Today there are laws that guarantee the rights of people with disabilities and to help them not to be discriminated against, to receive the necessary accommodations at work and school, to receive specialized services to meet their educational needs and to receive a free and appropriate public education, unfortunately, none of these two require inclusion. Multiple investigations have shown that the inclusion of exceptional students in classrooms with students of the regular current is beneficial for all when the support systems and necessary resources are provided, high expectations are held, parents and the school community are involved, professional preparation for the staff, and the development and use of technology is supported.
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Much has been said recently about the Special Education Program and how it has failed to provide services to students with disabilities. Everyone believes they have the solution, but what many propose is not in accordance with what has been shown to benefit these students. It is known that some people believe that the problem with children with special needs is solved by removing them from schools and placing them in special schools, segregated from others, despite the countless number of mothers who have to fight to enforce the rights of their children. children, including, the right to be an integral part of society and the school community. We also hear in the media people who brand the special education program as a problem. It is obvious that the root of the problem is not children with disabilities or mothers who defend their rights. Part of the problem is that, after so many years of implementing the special education program in the Department of Education, we still have a long way to go, many barriers to overcome, mainly attitudinal barriers.
We know what it takes for these students to optimize their quality of life and maximize their potential. So what is the problem? Who is responsible? Why are people still talking about segregating exceptional students or students with disabilities? The answer varies according to the group to whom it is asked. Some say that the problem is the Department of Education, which is very politicized, that there is a lot of bureaucracy, that money is not used properly, that work is not done as it is. Others point out that the demand for services exceeds the capacity of the Special Education Program, that there is a cut in funds, that the corporations that serve the program do not do their job well, that there are children who are misdiagnosed. Some say that teachers are not committed, that they have become tired and others respond that teachers do not have the necessary resources to do their job well.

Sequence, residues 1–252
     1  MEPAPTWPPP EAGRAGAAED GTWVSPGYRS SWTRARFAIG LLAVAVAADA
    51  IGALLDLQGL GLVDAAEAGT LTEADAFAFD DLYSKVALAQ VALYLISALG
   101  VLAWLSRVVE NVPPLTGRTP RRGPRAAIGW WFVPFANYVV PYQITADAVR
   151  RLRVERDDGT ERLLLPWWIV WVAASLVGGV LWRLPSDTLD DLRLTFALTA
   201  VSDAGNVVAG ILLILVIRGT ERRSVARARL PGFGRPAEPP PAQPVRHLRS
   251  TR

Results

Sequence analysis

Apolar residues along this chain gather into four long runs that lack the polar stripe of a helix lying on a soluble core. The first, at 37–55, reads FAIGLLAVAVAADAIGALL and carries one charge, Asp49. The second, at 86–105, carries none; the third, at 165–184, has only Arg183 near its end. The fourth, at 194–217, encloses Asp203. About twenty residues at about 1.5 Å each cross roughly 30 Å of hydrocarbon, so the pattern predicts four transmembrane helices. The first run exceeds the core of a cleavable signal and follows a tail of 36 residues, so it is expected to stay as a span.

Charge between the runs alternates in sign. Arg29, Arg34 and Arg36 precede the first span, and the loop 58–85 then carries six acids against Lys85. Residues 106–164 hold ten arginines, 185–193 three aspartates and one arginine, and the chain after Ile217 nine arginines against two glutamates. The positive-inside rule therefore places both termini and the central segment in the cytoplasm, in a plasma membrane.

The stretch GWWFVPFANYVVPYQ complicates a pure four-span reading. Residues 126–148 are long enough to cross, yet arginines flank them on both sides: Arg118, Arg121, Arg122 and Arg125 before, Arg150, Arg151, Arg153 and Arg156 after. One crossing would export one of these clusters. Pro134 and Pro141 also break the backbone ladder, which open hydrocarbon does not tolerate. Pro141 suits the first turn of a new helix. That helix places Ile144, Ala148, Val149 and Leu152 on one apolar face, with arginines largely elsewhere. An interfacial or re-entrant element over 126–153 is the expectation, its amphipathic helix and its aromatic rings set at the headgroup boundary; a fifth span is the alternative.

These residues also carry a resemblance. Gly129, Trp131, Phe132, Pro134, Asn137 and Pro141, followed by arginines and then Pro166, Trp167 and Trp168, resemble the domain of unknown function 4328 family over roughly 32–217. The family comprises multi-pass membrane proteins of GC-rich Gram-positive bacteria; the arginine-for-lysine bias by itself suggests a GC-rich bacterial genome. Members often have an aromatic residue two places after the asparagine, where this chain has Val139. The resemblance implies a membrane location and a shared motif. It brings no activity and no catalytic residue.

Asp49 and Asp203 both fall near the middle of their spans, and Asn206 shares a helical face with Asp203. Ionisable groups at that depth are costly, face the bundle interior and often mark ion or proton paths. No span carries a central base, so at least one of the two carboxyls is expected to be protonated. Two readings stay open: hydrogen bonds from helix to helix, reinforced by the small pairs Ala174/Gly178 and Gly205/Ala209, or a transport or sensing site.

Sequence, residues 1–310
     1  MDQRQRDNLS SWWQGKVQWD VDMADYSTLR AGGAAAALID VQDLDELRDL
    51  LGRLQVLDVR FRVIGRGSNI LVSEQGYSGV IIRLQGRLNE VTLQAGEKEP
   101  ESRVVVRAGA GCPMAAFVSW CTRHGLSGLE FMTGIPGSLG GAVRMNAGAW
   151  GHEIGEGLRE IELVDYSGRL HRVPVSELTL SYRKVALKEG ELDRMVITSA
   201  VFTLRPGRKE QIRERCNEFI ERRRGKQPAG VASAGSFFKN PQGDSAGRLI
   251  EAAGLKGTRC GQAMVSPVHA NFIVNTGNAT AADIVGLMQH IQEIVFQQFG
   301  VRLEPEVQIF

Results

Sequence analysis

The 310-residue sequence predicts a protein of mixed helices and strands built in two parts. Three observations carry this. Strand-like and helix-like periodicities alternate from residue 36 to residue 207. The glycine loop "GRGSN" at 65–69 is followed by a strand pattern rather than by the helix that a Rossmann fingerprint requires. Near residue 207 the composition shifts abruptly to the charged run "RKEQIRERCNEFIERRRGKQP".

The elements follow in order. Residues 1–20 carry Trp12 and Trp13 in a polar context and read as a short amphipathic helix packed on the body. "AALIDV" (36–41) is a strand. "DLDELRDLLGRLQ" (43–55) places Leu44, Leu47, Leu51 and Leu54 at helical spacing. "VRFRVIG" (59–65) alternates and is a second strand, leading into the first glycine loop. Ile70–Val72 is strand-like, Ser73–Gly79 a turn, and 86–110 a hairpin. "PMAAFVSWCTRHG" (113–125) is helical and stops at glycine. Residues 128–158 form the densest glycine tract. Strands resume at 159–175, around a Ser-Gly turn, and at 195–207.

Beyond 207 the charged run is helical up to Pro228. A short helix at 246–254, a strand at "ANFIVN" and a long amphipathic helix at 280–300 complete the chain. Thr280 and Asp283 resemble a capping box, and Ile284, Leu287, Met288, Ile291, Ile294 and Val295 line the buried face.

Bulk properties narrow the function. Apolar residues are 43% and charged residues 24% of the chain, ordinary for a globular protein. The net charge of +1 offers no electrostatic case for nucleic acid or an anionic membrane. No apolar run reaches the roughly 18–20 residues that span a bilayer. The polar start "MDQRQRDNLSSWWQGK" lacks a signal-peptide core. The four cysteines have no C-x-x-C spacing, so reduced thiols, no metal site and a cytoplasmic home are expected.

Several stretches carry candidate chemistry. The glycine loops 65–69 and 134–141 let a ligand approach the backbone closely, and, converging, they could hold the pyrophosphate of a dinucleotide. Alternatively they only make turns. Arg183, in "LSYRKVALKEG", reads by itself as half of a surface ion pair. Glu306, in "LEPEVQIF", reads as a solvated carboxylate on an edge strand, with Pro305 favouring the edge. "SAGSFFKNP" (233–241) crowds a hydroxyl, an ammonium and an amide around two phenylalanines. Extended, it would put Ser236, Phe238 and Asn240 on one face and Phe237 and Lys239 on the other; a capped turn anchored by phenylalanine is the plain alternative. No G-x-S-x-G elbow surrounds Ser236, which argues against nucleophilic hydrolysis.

Everyone must assume their responsibility. Teachers and specialists must work in favor of inclusion, but at the same time they must be provided with the necessary tools to be able to serve these children effectively. The services must be offered promptly and efficiently. The control of the use of the funds must be continuous and agile. Universities must train highly qualified teachers who can serve diverse students. There will be teachers who do their work without commitment and parents who do not assume their responsibility. But there are also many parents, mothers, teachers, specialists and public servants who are committed to making a difference. We need to strive to work for those who are entrusted to serve. You have to give them the opportunity to be who they can be by providing them with a quality education.